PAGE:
New U.S. Mortgage Rules Aim to Stop Wrongful Foreclosures

The U.S. agency charged with protecting consumers’ finances approved rules on Thursday that will help prevent wrongful home foreclosures, as the regulator continues to press on with reforming the country’s massive lending market.

The rules by the Consumer Financial Protection Bureau (CFPB), created in the aftermath of the U.S. housing bust that began in 2006, build on current regulations requiring a mortgage servicer to grant certain foreclosure protections to a struggling borrower once over the life of the loan.

Now, servicers, the conduits for mortgage payments, must provide those protections more than once, offering them to borrowers who make current payments after they have worked out an agreement to avoid foreclosure.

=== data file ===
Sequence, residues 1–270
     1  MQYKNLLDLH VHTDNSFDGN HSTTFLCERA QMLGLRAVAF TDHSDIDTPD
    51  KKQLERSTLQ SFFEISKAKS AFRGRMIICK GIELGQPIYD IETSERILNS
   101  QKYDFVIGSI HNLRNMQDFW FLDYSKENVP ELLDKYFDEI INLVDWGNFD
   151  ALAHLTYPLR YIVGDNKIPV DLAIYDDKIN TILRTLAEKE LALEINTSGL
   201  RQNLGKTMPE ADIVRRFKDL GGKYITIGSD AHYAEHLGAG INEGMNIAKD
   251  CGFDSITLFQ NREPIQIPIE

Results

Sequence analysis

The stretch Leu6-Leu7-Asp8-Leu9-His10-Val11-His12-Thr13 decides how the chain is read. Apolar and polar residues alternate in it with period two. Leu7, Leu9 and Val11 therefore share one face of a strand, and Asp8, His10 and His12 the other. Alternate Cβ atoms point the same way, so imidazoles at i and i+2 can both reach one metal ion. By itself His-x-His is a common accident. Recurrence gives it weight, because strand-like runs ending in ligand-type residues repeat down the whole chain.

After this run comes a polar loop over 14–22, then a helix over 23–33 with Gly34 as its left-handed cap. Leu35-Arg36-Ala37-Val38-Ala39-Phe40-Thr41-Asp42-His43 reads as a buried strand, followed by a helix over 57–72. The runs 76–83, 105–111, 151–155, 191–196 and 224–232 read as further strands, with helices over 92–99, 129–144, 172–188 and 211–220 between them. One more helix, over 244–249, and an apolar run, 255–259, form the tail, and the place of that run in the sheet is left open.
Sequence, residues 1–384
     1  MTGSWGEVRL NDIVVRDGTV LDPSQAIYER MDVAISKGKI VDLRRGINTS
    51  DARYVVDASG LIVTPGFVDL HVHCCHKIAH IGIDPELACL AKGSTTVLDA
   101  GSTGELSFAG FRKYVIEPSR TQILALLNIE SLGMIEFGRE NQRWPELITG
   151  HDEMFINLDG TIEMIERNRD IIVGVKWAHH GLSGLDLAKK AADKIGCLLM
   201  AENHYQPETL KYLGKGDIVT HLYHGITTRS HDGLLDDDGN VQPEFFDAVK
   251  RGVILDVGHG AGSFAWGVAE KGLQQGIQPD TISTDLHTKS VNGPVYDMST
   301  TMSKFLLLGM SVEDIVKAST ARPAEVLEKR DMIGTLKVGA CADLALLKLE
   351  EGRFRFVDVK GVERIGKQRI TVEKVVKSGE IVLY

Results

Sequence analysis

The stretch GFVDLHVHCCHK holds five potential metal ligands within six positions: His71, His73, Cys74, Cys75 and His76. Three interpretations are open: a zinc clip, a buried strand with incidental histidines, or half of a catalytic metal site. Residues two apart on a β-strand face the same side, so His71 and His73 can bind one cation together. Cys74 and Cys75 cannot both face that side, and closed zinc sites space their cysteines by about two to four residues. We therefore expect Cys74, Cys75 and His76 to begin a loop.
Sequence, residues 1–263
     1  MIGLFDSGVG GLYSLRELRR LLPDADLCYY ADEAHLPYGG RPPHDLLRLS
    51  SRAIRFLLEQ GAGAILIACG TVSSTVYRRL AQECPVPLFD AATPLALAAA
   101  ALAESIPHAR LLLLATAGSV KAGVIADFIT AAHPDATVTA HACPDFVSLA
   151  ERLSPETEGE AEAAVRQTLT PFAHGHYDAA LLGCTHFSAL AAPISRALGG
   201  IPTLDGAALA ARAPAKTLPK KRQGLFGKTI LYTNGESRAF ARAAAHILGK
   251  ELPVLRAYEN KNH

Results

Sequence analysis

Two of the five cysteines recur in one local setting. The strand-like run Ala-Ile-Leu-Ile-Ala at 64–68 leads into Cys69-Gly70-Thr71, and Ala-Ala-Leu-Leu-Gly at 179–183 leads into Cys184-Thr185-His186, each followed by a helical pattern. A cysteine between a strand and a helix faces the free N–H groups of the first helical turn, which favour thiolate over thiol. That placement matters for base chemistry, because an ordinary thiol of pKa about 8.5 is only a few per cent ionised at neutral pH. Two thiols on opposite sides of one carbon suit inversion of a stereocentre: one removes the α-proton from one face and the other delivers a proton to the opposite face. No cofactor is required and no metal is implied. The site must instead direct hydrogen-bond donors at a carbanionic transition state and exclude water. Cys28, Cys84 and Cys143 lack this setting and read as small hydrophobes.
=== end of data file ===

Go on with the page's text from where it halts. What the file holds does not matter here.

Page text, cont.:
“This change will be particularly helpful for borrowers who obtain a permanent loan modification and later suffer an unrelated hardship – such as the loss of a job or the death of a family member – that could otherwise cause them to face foreclosure,” the CFPB said in an outline of the new rules.

The rules also expand consumer protections to surviving family members and require servicers to give borrowers in bankruptcy information about possible interventions.

They bolster requirements related to loss mitigation, a foreclosure alternative that allows people to stay in their homes and pay some money to lenders, as well.

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